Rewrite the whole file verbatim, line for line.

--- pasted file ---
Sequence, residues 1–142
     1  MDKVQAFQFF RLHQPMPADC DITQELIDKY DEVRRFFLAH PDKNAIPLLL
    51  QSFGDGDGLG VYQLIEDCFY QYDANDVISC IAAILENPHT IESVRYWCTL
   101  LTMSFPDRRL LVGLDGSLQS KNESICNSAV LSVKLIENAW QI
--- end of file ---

Sequence, residues 1–142
     1  MDKVQAFQFF RLHQPMPADC DITQELIDKY DEVRRFFLAH PDKNAIPLLL
    51  QSFGDGDGLG VYQLIEDCFY QYDANDVISC IAAILENPHT IESVRYWCTL
   101  LTMSFPDRRL LVGLDGSLQS KNESICNSAV LSVKLIENAW QI